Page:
WW-06946 Reviewed 2008
Developing Shoreland Landscapes and Construction Activities
Shoreland Best Management Practices
Number 6 of 18 in the Series
Best Management Practices (BMPs) are actions you can take to reduce your impact on the environment. BMPs have been described for agriculture, forest management, and construction. This fact sheet describes BMPs you can adopt on your shoreland property to help protect and preserve water quality. In many cases, the best management for shorelands may be retaining the natural characteristics of your property.
Whether you are landscaping your property, building a cabin, or designing a large resort, each land parcel has limitations for development. Limitations may include the type of soil, steep slopes, native vegetation, and other landscape features.
Plants and trees help to hold the soil and prevent erosion, especially on steep slopes. Removing them to establish a lawn increases the chance for soil erosion. Soil erosion can lead to structural damage, reduce soil fertility, and fill in road ditches. It harms your river or lake by causing excess sedimentation, killing aquatic bottom life, and disrupting spawning. The sediment, with accompanying nutrients, may lead to algal blooms, decreased lake depth, and reduced aesthetic appeal. All of these potential problems are expensive to correct and, more importantly, can be avoided by proper water and landuse practices.
|Use existing features of your landscape in creating your plan. You can prevent problems by working "with the land" rather than against it.|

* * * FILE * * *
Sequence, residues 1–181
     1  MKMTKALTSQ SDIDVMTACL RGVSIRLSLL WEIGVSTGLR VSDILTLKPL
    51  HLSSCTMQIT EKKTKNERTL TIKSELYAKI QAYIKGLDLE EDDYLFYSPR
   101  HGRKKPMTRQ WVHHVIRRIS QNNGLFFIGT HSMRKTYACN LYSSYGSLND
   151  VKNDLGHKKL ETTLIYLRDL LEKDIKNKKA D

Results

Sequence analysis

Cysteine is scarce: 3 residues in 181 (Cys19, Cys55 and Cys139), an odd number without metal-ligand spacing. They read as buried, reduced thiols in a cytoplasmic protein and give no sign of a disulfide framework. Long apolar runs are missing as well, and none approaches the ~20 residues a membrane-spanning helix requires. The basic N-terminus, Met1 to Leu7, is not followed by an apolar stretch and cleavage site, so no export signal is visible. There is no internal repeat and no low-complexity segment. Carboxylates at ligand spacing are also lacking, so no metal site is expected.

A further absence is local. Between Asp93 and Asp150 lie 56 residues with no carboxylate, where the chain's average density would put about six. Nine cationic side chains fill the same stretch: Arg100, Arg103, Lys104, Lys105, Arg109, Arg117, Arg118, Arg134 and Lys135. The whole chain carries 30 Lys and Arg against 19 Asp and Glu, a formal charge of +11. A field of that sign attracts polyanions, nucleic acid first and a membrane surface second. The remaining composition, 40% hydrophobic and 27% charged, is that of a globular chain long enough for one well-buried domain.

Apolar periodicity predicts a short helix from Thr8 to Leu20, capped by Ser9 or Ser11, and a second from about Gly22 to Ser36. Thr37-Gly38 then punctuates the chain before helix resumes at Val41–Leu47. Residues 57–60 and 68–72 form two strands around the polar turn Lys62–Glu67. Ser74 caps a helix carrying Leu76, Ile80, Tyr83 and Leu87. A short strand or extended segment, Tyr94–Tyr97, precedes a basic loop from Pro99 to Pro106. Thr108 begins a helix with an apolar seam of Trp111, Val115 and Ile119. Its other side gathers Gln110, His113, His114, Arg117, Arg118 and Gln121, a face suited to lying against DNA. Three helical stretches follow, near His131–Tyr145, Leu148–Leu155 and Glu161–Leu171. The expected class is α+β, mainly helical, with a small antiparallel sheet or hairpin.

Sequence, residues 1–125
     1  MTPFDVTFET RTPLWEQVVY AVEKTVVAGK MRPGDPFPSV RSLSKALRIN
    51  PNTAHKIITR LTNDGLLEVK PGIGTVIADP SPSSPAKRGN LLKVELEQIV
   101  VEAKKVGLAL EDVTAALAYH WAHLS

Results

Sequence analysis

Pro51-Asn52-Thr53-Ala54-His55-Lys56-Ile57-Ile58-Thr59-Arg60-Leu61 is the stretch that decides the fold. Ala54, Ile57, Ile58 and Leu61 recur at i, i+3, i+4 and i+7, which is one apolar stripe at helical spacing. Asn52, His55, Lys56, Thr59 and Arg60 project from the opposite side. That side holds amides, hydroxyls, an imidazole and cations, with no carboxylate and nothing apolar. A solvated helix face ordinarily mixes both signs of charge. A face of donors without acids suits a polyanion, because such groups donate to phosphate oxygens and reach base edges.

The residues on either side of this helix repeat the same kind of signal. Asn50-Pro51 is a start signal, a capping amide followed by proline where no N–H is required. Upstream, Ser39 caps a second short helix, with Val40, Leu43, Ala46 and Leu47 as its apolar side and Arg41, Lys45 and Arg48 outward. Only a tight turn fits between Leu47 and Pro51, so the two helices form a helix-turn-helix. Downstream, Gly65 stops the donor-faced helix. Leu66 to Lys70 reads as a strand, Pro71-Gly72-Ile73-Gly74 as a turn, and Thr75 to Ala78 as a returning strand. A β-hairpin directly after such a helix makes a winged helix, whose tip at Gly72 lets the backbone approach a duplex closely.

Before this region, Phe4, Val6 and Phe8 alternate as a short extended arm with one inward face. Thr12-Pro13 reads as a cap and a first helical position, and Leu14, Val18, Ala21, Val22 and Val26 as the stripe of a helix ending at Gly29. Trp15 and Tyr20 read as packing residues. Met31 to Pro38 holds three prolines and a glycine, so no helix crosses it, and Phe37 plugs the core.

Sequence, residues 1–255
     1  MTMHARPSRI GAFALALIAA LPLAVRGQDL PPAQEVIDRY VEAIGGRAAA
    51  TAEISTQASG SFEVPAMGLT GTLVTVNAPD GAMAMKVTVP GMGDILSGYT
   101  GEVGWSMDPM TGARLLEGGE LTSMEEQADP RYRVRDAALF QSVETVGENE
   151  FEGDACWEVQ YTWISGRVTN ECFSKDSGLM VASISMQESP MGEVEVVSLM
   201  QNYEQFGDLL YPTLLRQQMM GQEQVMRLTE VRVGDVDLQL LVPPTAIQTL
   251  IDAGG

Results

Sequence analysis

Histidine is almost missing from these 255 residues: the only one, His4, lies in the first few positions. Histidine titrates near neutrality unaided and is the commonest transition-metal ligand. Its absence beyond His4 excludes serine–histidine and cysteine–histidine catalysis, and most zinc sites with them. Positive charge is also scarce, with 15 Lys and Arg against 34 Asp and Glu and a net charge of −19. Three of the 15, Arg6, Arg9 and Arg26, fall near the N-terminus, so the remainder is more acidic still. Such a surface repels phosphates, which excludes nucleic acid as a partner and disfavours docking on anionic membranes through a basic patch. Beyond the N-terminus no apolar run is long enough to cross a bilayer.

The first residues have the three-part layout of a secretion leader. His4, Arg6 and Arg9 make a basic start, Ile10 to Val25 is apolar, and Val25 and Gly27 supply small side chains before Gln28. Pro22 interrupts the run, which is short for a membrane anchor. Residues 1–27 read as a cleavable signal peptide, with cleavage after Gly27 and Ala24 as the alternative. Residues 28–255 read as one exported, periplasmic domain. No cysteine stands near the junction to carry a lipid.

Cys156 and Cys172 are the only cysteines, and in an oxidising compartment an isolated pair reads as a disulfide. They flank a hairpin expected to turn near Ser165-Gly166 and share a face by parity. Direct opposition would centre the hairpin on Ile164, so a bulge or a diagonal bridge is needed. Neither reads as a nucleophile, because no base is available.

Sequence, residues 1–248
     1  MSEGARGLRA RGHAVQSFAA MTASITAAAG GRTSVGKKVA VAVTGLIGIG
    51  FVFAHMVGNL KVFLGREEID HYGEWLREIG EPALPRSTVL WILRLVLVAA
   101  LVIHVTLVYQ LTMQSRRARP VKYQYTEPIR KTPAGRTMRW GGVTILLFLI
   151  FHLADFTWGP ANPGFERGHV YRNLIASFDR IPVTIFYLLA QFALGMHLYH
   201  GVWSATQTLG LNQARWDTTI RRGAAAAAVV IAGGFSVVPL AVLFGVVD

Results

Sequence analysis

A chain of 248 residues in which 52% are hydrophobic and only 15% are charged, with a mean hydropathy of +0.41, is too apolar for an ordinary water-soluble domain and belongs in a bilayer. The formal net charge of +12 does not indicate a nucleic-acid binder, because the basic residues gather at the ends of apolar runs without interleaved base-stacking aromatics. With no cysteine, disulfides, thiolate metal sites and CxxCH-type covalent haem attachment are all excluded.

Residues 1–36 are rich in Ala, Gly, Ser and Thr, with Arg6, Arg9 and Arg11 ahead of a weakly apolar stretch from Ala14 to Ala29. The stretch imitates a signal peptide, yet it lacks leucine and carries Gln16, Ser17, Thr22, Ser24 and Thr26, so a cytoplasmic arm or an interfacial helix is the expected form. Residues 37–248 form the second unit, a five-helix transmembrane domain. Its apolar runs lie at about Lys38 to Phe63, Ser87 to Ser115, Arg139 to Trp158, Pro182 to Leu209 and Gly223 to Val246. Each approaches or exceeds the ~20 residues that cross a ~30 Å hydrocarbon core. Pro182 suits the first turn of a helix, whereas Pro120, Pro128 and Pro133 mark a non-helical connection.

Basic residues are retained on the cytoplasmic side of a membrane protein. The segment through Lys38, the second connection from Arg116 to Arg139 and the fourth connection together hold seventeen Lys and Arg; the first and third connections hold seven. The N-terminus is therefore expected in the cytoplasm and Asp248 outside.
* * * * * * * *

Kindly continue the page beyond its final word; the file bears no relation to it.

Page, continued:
The most important steps in getting started are to draw a detailed map of your property (see Figure 1 as an example) and to check with your planning and zoning office for local requirements. On the map, take care to accurately note these important features:
Next consider your long-term objectives for the property:
These and many more questions should be explored, including considering the potential uses for your property.
The site plan should be based on your long-term objectives and the suitability of the land for these uses, with precautions taken to prevent soil erosion and water pollution. With these considerations in mind, your site plan will optimize the natural beauty and attributes of your property. The site plan can be a one year, ten year, or a twenty-five year plan, depending on your resources and time. But remember, the longer you wait, the more difficult and costly it will become to fix erosion problems.
If you have the freedom to arrange your buildings and grounds, you can reduce water runoff problems in several ways. Locate driveways, walks, and yard and garden edges to follow level contours and gentle slopes. Do not lead water directly downhill. This gives it maximum speed and cutting power for erosion. Long, steep slopes have the greatest erosion potential. Consider putting small dams at intervals in ditches to slow runoff water and trap sediment. Cross-slope designs are better than up-and-down-hill ones.
The site plan you develop is critical. Site your septic system and water well in suitable areas before you finalize building locations and landscaping plans.
|Check these off as you draw them on the plan:|